IMG_1908

road trip to Guarujá

  The middle of November brought a three-day weekend due to the Brazilian holiday of Dia da Consciência Negra. So, naturally, this little adventure-seeking-couple headed to the beach! After less than three hours in the car, we arrived at the coastal town of Guarujá.     It is a long stretch of beach dotted with colorful umbrellas, open-air restaurants, and hotels. We stayed in one of those where we could literally walk out the front door, across the street, and onto the beach. Perfect location!       Friday night, we headed to a delicious Thai restaurant. So much so we Read More

9771393

the untethered expat: culture shock

I’ve been a bit off lately. I’ve seen it coming, and I recognize it for what it is, but nonetheless, it’s unsettling. I felt it on our school trip to Belem. The last presentation–the culminating speech–was in Portuguese. Again. Chaos erupted across the room as Brazilian friends leaned in to translate for their foreign peers. Someone leaned over and began translating for me. I was hot. I was itchy. I was tired. I was annoyed by an earlier rude interaction. I couldn’t focus on the speaker, I couldn’t focus on the translator, I couldn’t focus. My skin crawled. I left the room Read More

IMG_1535

first Brazilian road trip: Ilhabela

October 12 in Brazil was a holiday, Nossa Senhora Aparecida, resulting in a four day weekend. Seeing as we live in South America (that still feels cool to type), a trip to the coast was in order! So Dave and I planned our first Brazilian road trip! Our destination was Ilhabela, a small island reachable by ferry from the coastal city of São Sebastião. We left São Paulo bright and early on Thursday in an attempt to beat the massive migration from the city to the beaches that occurs every holiday weekend (think I-70 in ski traffic). Armed with breakfast from our Read More

signs-1172211_1280

expat insecurities: how moving overseas turns you into a middle schooler

This post has been marinating a while in my mind (often around 1 or 2 middle of the night: time to wake up and worry about things you can’t control. yippee!). A variety of factors have appeared on the radar recently that I’ll attribute to a storm of culture shock brewing off the shore. An extended commute where I was stuck in a car in a land where I don’t speak the language (where is a restaurant where we can stop for a quick meal where we actually fully understand the menu without a million Google acts of translation?). My Read More

candle-335965_1280

mindfulness in the classroom: for them, for me, for the world

This past summer, I took the course “Mindful Educator Essentials” from Mindful Schools. I knew from personal experience the power of mindfulness to steady myself, as well as to benefit students coming from traumatized backgrounds. But I was also looking ahead. My future students–now my current students–would largely represent the opposite demographics of my entire teaching experience: wealthy, advantaged, political, prominent. And those kiddos have parents in the same category. And with such privilege comes an enormous amount of weight: the strongest drive to get the best grades and the most extracurricular sports and activities to get into the elit-est schools. Just typing that sentence stresses me Read More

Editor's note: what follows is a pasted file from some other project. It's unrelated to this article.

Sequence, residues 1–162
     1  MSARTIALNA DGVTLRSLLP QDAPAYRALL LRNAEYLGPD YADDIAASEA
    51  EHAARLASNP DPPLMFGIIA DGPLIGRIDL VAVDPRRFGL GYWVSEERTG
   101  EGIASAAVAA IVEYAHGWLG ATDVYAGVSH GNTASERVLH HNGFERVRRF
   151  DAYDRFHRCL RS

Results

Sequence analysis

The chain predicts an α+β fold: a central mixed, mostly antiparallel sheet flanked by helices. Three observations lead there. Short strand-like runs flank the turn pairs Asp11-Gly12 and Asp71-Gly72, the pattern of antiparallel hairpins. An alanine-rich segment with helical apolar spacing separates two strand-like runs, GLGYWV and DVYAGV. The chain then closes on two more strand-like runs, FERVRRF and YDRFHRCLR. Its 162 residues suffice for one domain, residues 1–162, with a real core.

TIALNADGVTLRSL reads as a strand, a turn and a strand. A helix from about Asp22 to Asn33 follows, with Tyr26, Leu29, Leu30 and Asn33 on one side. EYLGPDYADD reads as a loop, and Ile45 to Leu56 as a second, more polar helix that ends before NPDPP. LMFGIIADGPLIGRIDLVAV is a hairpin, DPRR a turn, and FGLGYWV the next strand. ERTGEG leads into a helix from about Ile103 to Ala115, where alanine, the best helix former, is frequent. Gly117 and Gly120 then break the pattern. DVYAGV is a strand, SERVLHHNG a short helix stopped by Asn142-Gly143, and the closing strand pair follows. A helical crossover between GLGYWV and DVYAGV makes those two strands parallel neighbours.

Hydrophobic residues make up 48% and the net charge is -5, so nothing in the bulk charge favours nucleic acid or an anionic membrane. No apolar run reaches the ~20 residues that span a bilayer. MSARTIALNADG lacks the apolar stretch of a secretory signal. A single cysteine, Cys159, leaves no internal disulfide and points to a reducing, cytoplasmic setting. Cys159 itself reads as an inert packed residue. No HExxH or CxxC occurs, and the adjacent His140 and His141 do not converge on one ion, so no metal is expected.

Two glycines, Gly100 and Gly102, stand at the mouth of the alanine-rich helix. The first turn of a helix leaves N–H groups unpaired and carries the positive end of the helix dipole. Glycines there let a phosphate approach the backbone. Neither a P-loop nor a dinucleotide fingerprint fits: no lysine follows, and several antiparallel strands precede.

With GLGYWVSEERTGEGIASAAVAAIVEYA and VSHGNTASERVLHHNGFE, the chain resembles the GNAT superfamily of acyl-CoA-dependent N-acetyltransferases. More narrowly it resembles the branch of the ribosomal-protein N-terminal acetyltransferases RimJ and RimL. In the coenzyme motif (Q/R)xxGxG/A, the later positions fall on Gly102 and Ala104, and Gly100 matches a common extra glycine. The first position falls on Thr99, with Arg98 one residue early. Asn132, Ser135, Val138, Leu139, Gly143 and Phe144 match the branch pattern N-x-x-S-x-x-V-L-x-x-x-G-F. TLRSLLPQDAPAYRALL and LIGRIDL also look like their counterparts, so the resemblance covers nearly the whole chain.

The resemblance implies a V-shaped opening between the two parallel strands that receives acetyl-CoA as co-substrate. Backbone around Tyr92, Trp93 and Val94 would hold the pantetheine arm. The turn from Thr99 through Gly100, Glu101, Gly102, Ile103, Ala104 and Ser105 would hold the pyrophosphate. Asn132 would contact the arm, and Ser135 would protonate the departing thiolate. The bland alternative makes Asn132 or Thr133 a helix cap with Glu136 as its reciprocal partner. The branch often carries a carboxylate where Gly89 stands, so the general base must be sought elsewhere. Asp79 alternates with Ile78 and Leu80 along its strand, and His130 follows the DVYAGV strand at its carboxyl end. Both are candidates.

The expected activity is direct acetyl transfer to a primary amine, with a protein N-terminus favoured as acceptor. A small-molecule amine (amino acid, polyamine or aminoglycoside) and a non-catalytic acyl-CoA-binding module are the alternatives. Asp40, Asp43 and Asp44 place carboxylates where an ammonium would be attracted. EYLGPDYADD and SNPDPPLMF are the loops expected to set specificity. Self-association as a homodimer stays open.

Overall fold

IMG_1941

cww trip journal: days 1-2

Each year, Graded organizes a trip for all of our students to experience learning beyond the confine of desks, chairs and computers: CWW, aka Classroom Without Walls. I am fortunate enough to be on the 11th grade trip to Belem, Brazil. Our arrival to Belem took a four hour plan ride. Taking the bus through town I saw: barefoot, sun-browned skin kiddos playing soccer in a field of dirt, wild dogs scratching fleas, countless pairs of people chatting on their “porches” in plastic chairs, shanty towns adorned with graffiti, more bare chests than I see at a typical beach, Bible Read More

eca326ac59c38c6eead11895093216ad

teacher reflections: strong relationships AND high expectations

I have transitioned, now, into four different schools. The first school, Adams City High School, I like to think I came in as a wrecking ball. Unfamiliar, new, powerful in a naive way. The second and third school, Bruce Randolph and North, respectively, where I first tiptoed around who I knew I was and who I thought my new kiddos needed. And now, I find myself in my fourth school, Graded. And once again, I am walking the wire of tension between strong relationships and high expectations. They don’t like it. Daily, I vacillate between “why don’t they like me?” Read More

IMG_1941

flowers and monkeys, oh my!

When Dave and I transitioned down here, one of our biggest worries was the shift to city life. No longer would our yard be filled with deer, elk and bear. Rather the sounds of cars and smells of exhaust and emissions of lights would form our daily backdrop. While this is true, I have been pleasantly surprised at the connection to nature I have been able to experience in Sampa. Every morning between 5-6, there is the most beautiful bird song outside our window. When it rains, the drops on the roof outside my classroom are musical. As I walk Read More

20863644_10155644068907813_2119243546207286124_o

catch up journal: days 10-31

Today marks our 31st day living in another country. We have frequent moments where we look at each other and say: “Holy cow, we LIVE here. In another country. On a different continent.” As of late, I often find myself in the stage of admiring our hefty-ball size for doing something so bold. #teampossum for the win, indeed. It’s been awhile since I shared about the happenings down here in Sampa, so here goes. Students. My students have consulates and CEO’s as parents. My students are Olympic-bound athletes. My students are well-educated and articulate and reflective. My students say thank Read More